One event that was always talked about as a good idea and has continued to be talked about ever since we made it happen, was the Red Dirt Degustation of the 2015 Crush Festival. Working with a local sugar cane farmer, a square of cane was harvested in the midst of a field, clearing a patch of rich red soil where white linen-covered tables seated over 100 people to experience jazz, circus, a locally written opera about the sugar industry and a 5-course meal celebrating local produce. It wasn't perfect, but it was certainly memorable. An iconic event that was worth all the complications, logistics and sheer hard work (nod to Ainsley Gatley and Wendy Zunker!).

Images L-R: Local Chef Dion Taylor preparing desserts; opera signer Katie Stenzel peforming an excerpt from "The Crushing" by local librettist Rod Ainsworth with a local string quartet; patrons enjoying a circus performance by Bree Le Cornu. Photography - Paul Beutel

2. Involve artists in the design and delivery of the festival

As Janis Joplin famously sang, "You don't know what you've got till it's gone".

5 years on from the last Crush Festival, local artists are still saying that they miss the developmental opportunities afforded through the program. Whilst it couldn't feasibly deliver everything for everybody with a team of 4 core people and a small budget; the formula for creating the program had local artists and local creative skill development at its heart. Artists could propose ideas for projects they were working on to be included in the program and gain the marketing advantage that the festival could bring.

For example, one of our festival team Di Wills, brought a strong youth development focus to the festival in its final years. Young people sang, played, danced and performed their own scripts to live audiences, bringing confidence and experience to the participants and pride in our local creative sector to audiences.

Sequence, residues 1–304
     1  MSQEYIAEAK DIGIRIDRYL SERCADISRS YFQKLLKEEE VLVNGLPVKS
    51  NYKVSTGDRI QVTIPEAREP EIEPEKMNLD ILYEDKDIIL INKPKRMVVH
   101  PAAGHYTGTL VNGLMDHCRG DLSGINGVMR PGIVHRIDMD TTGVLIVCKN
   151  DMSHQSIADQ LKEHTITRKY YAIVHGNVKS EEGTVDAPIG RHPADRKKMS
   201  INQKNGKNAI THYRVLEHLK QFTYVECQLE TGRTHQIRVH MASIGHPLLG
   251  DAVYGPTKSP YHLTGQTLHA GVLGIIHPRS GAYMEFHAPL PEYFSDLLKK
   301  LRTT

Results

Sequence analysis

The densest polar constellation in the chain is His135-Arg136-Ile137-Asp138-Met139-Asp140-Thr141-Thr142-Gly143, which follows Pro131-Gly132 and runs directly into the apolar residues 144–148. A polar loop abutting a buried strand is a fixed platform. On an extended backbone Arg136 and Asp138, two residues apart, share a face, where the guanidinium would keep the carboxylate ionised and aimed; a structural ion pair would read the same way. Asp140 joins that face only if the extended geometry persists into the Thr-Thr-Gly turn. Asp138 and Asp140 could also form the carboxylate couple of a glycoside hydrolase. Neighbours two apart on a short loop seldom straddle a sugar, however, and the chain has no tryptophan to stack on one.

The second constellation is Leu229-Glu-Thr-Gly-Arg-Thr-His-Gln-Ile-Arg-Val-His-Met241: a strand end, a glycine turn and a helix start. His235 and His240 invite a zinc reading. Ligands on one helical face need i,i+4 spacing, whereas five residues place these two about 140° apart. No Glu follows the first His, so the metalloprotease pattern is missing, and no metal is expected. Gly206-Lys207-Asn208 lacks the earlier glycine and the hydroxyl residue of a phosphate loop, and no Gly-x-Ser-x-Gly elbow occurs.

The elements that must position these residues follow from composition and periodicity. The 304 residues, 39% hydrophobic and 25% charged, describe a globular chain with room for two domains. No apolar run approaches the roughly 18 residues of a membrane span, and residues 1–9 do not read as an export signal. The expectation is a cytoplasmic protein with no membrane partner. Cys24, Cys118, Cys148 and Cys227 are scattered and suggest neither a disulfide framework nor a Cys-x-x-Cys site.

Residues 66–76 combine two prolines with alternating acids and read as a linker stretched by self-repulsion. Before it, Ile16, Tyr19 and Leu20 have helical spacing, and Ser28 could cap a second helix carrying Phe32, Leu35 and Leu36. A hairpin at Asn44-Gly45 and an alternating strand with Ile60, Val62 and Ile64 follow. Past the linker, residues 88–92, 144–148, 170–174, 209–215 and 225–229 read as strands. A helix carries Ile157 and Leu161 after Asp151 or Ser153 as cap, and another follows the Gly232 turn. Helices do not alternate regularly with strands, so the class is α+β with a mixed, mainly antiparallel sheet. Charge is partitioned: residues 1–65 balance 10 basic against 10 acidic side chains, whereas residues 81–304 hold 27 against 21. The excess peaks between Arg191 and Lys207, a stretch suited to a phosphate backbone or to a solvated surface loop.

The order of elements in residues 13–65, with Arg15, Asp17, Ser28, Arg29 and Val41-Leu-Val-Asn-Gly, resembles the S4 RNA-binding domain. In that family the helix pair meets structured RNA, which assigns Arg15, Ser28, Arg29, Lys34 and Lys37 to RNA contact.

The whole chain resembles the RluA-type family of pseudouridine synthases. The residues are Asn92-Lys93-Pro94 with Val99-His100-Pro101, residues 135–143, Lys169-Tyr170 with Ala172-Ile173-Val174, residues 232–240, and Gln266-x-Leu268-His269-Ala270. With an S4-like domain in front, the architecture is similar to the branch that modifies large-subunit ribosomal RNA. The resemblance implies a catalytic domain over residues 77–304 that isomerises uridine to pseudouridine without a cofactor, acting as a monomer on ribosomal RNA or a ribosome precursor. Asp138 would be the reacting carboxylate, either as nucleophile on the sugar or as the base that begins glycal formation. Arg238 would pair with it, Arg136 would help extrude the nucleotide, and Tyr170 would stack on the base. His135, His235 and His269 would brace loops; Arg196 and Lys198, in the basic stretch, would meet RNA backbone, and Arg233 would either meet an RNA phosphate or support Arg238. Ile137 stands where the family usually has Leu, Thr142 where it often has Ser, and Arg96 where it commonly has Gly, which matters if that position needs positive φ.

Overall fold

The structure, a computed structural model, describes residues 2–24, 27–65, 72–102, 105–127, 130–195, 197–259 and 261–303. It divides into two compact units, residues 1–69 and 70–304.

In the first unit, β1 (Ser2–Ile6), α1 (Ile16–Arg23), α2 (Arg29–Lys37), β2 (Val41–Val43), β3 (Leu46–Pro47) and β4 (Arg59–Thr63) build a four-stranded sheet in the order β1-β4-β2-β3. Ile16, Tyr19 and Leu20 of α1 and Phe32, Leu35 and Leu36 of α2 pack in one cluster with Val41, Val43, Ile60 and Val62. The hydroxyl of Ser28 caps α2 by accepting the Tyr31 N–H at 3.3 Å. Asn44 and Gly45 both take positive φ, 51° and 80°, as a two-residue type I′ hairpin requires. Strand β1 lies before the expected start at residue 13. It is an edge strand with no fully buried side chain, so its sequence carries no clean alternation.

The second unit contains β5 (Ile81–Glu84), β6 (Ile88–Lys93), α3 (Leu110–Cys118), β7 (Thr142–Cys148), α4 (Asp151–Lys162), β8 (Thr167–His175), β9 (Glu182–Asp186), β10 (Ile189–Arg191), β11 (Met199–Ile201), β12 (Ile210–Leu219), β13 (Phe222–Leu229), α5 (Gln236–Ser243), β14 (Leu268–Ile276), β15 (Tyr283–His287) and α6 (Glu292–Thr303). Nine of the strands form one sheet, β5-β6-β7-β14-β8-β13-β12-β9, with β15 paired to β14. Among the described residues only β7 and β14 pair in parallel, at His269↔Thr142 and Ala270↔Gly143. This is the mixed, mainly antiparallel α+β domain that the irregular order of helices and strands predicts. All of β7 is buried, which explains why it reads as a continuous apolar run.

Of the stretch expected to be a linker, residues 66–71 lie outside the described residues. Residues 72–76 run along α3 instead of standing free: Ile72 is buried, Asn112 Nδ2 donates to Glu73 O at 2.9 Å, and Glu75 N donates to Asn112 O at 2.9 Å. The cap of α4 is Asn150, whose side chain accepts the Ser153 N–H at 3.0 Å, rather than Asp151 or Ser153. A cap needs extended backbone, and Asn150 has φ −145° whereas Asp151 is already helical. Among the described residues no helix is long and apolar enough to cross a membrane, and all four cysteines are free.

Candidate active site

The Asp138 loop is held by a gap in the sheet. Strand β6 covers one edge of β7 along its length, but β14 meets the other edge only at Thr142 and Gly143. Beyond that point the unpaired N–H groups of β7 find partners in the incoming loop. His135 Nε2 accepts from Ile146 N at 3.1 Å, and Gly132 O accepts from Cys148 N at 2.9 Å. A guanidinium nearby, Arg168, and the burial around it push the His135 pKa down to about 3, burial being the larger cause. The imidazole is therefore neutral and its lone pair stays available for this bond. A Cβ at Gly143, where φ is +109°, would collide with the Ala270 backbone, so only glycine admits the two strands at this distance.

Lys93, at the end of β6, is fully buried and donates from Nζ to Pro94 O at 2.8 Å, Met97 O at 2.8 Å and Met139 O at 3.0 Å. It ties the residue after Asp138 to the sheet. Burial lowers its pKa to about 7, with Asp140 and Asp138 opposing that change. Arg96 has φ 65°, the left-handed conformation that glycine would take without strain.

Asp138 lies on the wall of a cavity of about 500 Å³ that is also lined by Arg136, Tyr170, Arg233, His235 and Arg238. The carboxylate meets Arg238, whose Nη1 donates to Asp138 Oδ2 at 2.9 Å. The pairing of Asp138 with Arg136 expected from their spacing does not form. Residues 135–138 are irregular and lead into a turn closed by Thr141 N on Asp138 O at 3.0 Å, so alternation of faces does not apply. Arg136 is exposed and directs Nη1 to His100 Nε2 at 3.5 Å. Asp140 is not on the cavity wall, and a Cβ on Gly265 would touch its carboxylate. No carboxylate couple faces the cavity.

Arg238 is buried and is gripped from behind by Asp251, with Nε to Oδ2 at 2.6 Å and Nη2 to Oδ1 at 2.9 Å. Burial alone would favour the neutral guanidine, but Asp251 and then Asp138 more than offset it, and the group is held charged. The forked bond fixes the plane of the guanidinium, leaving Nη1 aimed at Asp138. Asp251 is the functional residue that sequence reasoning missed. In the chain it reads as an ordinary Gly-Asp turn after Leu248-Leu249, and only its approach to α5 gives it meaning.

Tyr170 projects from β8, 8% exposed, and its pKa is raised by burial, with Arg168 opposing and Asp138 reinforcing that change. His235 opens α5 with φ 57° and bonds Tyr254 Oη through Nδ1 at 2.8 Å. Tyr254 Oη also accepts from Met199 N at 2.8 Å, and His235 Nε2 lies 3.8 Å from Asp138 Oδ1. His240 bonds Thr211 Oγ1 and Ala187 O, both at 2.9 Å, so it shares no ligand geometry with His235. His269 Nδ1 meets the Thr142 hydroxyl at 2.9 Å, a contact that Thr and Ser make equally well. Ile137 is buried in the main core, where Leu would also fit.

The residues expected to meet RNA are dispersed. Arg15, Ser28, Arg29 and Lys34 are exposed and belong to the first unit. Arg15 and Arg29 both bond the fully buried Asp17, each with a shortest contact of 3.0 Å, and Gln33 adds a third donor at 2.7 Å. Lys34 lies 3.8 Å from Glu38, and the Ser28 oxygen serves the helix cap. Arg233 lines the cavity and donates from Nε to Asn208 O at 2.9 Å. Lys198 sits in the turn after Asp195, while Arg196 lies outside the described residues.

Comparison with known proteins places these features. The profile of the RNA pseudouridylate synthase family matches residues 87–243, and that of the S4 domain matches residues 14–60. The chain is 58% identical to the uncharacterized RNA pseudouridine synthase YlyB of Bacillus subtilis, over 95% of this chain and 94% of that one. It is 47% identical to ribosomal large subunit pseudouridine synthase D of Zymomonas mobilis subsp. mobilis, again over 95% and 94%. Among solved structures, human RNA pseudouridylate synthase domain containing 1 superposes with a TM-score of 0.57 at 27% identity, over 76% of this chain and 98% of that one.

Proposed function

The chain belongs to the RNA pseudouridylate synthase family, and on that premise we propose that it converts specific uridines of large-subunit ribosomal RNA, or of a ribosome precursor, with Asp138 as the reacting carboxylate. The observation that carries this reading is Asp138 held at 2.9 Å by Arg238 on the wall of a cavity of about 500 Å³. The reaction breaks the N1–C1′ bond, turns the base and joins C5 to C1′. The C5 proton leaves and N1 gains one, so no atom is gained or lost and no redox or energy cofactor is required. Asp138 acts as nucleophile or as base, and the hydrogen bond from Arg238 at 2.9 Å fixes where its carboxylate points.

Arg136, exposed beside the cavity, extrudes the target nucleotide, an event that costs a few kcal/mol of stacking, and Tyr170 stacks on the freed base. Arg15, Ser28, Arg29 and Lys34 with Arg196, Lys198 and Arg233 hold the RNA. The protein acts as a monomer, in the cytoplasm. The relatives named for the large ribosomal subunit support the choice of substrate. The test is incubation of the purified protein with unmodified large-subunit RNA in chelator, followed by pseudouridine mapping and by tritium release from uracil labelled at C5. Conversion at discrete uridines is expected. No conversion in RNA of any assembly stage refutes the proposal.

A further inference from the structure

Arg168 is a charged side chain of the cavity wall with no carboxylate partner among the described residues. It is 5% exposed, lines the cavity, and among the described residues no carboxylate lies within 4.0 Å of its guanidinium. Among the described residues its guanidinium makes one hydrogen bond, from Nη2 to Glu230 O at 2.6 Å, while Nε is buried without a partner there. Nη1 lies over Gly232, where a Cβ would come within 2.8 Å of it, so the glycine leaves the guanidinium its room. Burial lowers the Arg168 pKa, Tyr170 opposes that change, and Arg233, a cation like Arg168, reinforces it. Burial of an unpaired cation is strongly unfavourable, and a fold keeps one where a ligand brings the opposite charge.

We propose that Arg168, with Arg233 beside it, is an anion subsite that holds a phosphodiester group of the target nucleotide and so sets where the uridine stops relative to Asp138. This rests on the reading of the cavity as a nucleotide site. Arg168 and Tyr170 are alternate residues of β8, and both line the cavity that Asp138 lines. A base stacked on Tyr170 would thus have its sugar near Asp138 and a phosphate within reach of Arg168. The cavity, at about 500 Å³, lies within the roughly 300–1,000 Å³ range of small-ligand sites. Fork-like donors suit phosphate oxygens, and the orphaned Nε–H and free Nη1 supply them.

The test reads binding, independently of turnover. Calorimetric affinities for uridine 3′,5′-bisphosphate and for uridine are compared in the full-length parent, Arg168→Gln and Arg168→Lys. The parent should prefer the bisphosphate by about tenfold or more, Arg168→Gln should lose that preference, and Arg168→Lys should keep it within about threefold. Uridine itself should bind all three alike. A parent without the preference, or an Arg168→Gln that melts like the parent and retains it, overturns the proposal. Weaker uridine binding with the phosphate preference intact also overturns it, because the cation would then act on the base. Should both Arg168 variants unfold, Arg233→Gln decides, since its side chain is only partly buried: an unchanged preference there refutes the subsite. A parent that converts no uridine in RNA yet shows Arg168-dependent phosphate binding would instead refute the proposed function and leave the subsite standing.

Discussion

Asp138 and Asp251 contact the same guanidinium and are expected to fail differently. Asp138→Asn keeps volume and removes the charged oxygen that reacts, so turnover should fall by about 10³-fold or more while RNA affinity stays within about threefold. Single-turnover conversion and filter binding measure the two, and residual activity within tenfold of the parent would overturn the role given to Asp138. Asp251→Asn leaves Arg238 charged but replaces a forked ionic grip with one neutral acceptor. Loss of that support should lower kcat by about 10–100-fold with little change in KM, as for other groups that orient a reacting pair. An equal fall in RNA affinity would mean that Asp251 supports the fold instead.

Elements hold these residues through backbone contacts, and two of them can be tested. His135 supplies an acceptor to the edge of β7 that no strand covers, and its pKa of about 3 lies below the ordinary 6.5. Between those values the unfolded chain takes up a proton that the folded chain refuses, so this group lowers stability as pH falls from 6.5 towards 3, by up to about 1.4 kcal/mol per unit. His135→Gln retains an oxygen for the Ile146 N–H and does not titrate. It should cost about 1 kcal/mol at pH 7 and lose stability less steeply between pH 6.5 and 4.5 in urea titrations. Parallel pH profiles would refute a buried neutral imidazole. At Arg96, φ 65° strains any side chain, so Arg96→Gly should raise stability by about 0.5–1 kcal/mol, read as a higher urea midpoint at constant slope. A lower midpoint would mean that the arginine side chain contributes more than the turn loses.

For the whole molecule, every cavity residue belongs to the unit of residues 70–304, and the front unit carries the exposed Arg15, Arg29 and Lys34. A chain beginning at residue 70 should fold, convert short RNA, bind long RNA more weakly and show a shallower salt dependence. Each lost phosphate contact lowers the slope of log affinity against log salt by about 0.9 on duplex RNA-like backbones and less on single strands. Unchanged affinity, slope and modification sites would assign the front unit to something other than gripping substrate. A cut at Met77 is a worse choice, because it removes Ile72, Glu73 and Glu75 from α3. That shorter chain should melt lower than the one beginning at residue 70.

Even beyond what artists can contribute content wise; bringing a group of creative thinkers together to develop concepts and plan a program, outside your core team, makes it more likely to be innovative and connecting to audience desires beyond your imagination.

3. Don't do it alone

A great core team with a diverse skill set, that deeply respect and feel fulfilled by the principles behind the event, is a key foundation to success. Sharing this motivation with valued volunteers and growing a support team is fundamental. Reach out to organisations who might be willing to lend a hand. A service organise who can run the bar, or who have blue cards and can help out with kids workshops. There are willing people out there for the right purpose.

Involving local businesses with like values, who can provide financial or in-kind support provides sustainability.

This is why planning for the next festival almost starts before you have run the current one. Relationship management is a huge part of it.

4. Quality over Quantity

There is a lot of pressure to have "bums on seats" to hold events that bring in thousands. Whilst it is very rewarding for the festival team to have great audience numbers, it is important to find a balance. Intimate experiences that offer unique experiences can be just as transformational for a community and for audiences as larger events. A program with a mix of both is ideal.

If you have got to this point of the BLOG - thanks for sticking with it. To be honest it was challenging to write. My experience with the Crush Festival still brings me moments of sentimental joy and feelings of collective pride for the team I worked with. It also kicks me in the guts every now and then when people talked to me about what has been lost with its cancellation. But there have certainly been a lot of key learnings that I have tried to summarise here and take forward into my arts practice. I hope there is something in it for you.